A 20-foot-long, 5,000 pound basking shark washed up on a Long Island beach yesterday, reports CNN.
The shark died shortly after authorities arrived on the scene. The cause of death is unknown, although the possibility of a boat strike has been ruled out.
Basking sharks can reach a length of 35 feet and weigh up to 7 tons, making them the second-largest fish after the whale shark. In summer and autumn months the species is commonly sighted in surface waters off the eastern seaboard of the United States. Basking sharks migrate south for the winter, feeding on plankton and small fish off the coast of South America. The species poses no threat to humans.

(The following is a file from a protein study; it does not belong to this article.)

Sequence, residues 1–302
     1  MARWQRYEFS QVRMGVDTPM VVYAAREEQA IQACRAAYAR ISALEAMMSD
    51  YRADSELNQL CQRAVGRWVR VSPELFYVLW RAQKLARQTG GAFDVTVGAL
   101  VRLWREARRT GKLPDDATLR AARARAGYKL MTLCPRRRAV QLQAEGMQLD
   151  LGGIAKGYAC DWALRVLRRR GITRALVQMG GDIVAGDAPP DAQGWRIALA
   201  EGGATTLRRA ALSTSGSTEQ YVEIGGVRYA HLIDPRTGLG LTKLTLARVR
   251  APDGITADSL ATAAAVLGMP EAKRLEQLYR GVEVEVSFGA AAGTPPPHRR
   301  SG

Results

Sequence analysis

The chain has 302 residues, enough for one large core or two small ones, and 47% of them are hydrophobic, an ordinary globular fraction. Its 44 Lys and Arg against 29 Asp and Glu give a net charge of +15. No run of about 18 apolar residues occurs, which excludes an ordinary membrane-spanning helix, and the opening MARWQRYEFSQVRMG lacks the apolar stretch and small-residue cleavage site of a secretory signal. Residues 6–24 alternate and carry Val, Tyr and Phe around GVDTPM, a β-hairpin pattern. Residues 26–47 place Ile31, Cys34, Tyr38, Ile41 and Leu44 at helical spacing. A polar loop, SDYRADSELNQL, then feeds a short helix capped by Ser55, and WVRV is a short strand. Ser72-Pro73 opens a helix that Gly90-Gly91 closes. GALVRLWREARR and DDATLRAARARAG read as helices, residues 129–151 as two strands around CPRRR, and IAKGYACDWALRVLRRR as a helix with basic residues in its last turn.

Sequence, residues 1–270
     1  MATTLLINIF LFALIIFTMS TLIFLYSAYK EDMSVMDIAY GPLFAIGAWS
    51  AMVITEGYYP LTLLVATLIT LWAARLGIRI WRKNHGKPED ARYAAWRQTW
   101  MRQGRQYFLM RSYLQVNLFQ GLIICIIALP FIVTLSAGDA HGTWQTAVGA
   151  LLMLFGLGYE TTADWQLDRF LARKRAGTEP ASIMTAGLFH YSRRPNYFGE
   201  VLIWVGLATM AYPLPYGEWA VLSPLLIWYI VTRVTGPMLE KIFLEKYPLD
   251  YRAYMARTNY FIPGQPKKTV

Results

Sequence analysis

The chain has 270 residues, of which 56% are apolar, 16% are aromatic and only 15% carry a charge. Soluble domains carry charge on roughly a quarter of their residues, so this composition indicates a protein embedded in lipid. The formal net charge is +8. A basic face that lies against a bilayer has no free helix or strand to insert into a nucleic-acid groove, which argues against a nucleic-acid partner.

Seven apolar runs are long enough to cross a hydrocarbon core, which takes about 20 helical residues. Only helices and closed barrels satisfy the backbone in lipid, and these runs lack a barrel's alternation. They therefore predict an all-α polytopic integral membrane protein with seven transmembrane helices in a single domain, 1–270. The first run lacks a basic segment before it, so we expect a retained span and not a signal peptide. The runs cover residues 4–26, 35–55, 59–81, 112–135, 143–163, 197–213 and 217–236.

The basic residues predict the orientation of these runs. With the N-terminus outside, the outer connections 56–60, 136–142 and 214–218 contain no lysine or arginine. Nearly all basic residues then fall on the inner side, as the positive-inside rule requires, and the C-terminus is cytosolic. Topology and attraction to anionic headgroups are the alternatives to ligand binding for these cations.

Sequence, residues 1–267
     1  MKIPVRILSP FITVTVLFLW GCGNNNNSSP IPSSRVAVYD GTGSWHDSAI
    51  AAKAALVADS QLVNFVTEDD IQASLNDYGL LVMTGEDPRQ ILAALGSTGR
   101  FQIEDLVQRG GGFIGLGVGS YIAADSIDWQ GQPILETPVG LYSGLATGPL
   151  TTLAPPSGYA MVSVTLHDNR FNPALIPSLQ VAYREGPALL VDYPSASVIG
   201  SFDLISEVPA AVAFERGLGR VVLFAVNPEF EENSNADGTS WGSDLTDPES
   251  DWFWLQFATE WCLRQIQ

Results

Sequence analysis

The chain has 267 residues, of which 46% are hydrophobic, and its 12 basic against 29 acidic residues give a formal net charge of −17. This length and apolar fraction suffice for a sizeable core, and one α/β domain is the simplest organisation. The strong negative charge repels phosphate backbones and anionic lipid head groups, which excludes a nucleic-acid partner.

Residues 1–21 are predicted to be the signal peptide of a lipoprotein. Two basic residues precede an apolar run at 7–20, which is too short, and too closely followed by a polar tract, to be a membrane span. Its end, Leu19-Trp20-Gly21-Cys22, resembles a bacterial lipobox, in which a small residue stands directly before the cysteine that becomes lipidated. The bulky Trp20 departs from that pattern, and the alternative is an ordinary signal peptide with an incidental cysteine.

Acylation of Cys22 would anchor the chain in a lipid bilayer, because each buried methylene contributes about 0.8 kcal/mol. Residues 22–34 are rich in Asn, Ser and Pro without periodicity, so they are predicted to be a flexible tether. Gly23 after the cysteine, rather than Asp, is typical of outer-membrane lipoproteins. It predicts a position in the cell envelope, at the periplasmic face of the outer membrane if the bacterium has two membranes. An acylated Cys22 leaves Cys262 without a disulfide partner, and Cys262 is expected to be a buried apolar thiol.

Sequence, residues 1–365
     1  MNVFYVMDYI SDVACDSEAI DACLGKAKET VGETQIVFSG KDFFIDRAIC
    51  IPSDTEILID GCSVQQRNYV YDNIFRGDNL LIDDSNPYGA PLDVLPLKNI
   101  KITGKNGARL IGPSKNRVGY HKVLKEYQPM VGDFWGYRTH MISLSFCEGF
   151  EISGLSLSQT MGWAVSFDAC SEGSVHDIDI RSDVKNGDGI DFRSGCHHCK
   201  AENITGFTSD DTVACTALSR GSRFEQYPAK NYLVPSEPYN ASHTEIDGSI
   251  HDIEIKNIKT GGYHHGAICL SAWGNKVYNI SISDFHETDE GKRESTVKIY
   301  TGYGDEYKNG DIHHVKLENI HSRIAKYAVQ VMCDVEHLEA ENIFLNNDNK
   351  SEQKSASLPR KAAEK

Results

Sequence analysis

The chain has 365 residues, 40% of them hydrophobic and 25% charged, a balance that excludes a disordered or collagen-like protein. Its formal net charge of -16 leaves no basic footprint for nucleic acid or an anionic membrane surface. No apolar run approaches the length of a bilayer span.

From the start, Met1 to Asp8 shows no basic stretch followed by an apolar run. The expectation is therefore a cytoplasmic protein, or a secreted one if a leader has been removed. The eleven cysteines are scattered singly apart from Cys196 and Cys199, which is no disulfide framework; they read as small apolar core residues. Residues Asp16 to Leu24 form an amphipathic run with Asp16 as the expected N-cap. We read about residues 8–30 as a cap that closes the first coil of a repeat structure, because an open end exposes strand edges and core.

A 20-foot-long basking shark washed ashore on a Long Island beach on July 14, 2009. Photo courtesy of CBS.
Basking sharks are currently listed as Vulnerable by the IUCN Red List due to overfishing for its fins used in shark fin soup.
Secret movements of the basking shark uncovered May 07, 2009
Researchers with the Massachusetts Mariner Fisheries have uncovered the secret life of the world’s second largest fish, known for its cavernous mouth. The basking shark, which measures over 10 meters and weighs as much as seven tons, has long baffled scientists by disappearing from view half of every year. A new study from Current Biology found that the basking shark spends this time deep in the Atlantic’s tropical waters.